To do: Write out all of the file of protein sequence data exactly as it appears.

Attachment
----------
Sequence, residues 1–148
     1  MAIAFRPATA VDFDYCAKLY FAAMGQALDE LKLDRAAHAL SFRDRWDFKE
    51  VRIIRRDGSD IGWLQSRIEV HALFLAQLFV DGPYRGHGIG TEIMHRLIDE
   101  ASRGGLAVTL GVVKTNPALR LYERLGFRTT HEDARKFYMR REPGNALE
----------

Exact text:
Sequence, residues 1–148
     1  MAIAFRPATA VDFDYCAKLY FAAMGQALDE LKLDRAAHAL SFRDRWDFKE
    51  VRIIRRDGSD IGWLQSRIEV HALFLAQLFV DGPYRGHGIG TEIMHRLIDE
   101  ASRGGLAVTL GVVKTNPALR LYERLGFRTT HEDARKFYMR REPGNALE